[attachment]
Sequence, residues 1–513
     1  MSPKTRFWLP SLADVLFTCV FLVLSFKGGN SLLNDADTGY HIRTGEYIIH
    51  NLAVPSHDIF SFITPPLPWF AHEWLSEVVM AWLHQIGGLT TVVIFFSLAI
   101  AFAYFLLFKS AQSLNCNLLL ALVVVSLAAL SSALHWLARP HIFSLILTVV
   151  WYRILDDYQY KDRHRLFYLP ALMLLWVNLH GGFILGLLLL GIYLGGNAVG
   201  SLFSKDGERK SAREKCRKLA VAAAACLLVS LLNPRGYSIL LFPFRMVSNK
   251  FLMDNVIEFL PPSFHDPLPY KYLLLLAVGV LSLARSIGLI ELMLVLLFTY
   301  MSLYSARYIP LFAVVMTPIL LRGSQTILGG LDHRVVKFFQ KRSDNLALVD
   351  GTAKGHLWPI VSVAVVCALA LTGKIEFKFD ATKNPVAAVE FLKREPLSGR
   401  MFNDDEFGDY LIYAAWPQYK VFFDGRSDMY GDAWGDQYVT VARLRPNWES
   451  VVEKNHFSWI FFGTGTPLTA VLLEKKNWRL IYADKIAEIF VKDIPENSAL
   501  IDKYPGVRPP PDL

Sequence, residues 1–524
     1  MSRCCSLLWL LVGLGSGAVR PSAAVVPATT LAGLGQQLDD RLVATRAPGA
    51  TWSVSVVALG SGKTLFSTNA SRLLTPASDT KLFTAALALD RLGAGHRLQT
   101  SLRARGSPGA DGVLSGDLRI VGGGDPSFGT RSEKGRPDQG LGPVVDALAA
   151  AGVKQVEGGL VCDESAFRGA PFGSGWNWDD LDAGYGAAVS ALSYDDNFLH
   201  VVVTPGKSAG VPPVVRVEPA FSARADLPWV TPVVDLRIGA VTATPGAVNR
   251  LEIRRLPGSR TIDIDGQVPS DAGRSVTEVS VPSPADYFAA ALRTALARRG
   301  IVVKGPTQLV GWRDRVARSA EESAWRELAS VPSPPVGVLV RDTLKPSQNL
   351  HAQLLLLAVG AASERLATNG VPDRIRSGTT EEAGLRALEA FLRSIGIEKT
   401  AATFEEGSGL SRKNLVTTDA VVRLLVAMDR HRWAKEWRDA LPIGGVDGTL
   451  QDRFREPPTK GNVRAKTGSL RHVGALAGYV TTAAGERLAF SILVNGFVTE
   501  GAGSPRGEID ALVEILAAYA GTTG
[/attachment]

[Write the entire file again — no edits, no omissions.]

Sequence, residues 1–513
     1  MSPKTRFWLP SLADVLFTCV FLVLSFKGGN SLLNDADTGY HIRTGEYIIH
    51  NLAVPSHDIF SFITPPLPWF AHEWLSEVVM AWLHQIGGLT TVVIFFSLAI
   101  AFAYFLLFKS AQSLNCNLLL ALVVVSLAAL SSALHWLARP HIFSLILTVV
   151  WYRILDDYQY KDRHRLFYLP ALMLLWVNLH GGFILGLLLL GIYLGGNAVG
   201  SLFSKDGERK SAREKCRKLA VAAAACLLVS LLNPRGYSIL LFPFRMVSNK
   251  FLMDNVIEFL PPSFHDPLPY KYLLLLAVGV LSLARSIGLI ELMLVLLFTY
   301  MSLYSARYIP LFAVVMTPIL LRGSQTILGG LDHRVVKFFQ KRSDNLALVD
   351  GTAKGHLWPI VSVAVVCALA LTGKIEFKFD ATKNPVAAVE FLKREPLSGR
   401  MFNDDEFGDY LIYAAWPQYK VFFDGRSDMY GDAWGDQYVT VARLRPNWES
   451  VVEKNHFSWI FFGTGTPLTA VLLEKKNWRL IYADKIAEIF VKDIPENSAL
   501  IDKYPGVRPP PDL

Sequence, residues 1–524
     1  MSRCCSLLWL LVGLGSGAVR PSAAVVPATT LAGLGQQLDD RLVATRAPGA
    51  TWSVSVVALG SGKTLFSTNA SRLLTPASDT KLFTAALALD RLGAGHRLQT
   101  SLRARGSPGA DGVLSGDLRI VGGGDPSFGT RSEKGRPDQG LGPVVDALAA
   151  AGVKQVEGGL VCDESAFRGA PFGSGWNWDD LDAGYGAAVS ALSYDDNFLH
   201  VVVTPGKSAG VPPVVRVEPA FSARADLPWV TPVVDLRIGA VTATPGAVNR
   251  LEIRRLPGSR TIDIDGQVPS DAGRSVTEVS VPSPADYFAA ALRTALARRG
   301  IVVKGPTQLV GWRDRVARSA EESAWRELAS VPSPPVGVLV RDTLKPSQNL
   351  HAQLLLLAVG AASERLATNG VPDRIRSGTT EEAGLRALEA FLRSIGIEKT
   401  AATFEEGSGL SRKNLVTTDA VVRLLVAMDR HRWAKEWRDA LPIGGVDGTL
   451  QDRFREPPTK GNVRAKTGSL RHVGALAGYV TTAAGERLAF SILVNGFVTE
   501  GAGSPRGEID ALVEILAAYA GTTG